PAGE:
Some bits and pieces from here and there:
- Peter J. Reilly, who has a blog at the Forbes website, writes about how the IRS labels conscientious objectors to military taxation “frivolous” as a way of discouraging dissent, and how war tax resister Elizabeth Boardman is challenging this in court.
- Some developments in the “won’t pay” movement in Greece:
- The movement’s guerrilla electricians reconnected the electricity to a poor family in Bournazi that had been unable to pay the tax-swollen rates. They invited the media along, as there’s something newsworthy about the tax collector leaving an unemployed man, his oxygen-tank-using mother, and school-aged child in the dark: “The cold and lack of power create medieval conditions for the poor family who lacked the basics: could not cook, heat, wash, preserve food and medicine in the refrigerator, or read to the young schoolgirl. In a nutshell: hell.”
- Twenty toll-gate-lifters in Larissa and Volos have been indicted for inciting people to pass without paying tolls. The Panhellenic Federation of Workers Associations of the Local Government has taken the side of the resisters, saying that “the trial is a clear criminalization of the mass political movement against tolls.… the criminalization of ideas and therefore constitutes a flagrant violation of democratic and constitutional liberties and criminalization of belief… it is a clear attempt to terrorize the resistance of our people, especially the practices of those who in an increasingly massive way endorse social disobedience and resistance to act against the tax hike…”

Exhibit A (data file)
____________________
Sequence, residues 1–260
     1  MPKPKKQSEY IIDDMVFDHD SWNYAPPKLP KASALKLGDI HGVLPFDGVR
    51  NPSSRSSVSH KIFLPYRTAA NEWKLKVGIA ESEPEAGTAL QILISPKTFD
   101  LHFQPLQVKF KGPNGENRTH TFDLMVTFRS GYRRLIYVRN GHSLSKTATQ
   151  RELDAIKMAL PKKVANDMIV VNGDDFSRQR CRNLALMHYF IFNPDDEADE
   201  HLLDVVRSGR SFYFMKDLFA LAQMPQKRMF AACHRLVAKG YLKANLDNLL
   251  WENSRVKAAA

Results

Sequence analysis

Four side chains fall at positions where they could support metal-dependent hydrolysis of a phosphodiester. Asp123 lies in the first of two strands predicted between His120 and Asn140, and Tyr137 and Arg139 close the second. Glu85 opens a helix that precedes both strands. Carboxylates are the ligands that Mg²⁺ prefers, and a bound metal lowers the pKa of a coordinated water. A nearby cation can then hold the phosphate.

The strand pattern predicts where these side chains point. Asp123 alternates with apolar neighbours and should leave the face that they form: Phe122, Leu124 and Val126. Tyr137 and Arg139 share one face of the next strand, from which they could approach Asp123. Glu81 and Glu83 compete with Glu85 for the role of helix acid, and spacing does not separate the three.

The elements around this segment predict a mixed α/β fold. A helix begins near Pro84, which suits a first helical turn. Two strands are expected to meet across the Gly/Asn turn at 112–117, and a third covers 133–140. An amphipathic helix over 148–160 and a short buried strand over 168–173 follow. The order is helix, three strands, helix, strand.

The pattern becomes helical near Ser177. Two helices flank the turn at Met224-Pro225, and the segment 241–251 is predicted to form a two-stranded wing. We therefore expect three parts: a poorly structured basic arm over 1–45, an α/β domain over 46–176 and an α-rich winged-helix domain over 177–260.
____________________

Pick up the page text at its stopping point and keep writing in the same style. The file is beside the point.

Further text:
- I wish I could read Greek or that mechanical translation were more sophisticated. This page seems to be describing a tax resistance tactic that involves paying a single euro in road tax to the federal government, accompanied with a letter of protest about how road taxes & fees are being siphoned off by foreign creditors rather than being used to keep the roads in decent repair.
- The government is trying to promote a new social norm in which people will be free to refuse to pay for goods and services they receive, unless they are presented with a printed receipt — this in an attempt to crack down on off-the-books transactions. The government has signaled that it won’t prosecute people who steal from merchants in such circumstances.
- The National Taxpayer Advocate (a sort of ombudsman within the IRS) issued her annual report recently.
One bit caught my eye: the Advocate estimates that U.S. taxpayers spend a combined 6,100,000,000 hours per year doing the recordkeeping and filing they have to do to be tax compliant.
Janet Novak, at Forbes, puts that in perspective:
That’s the equivalent of more than 3 million workers toiling away full time, all year. By way of comparison, the Federal government employs the equivalent of 2.1 million full-time civilian workers and Wal-Mart, the nation’s largest private employer, has 1.4 million workers in the U.S., although not all are full time.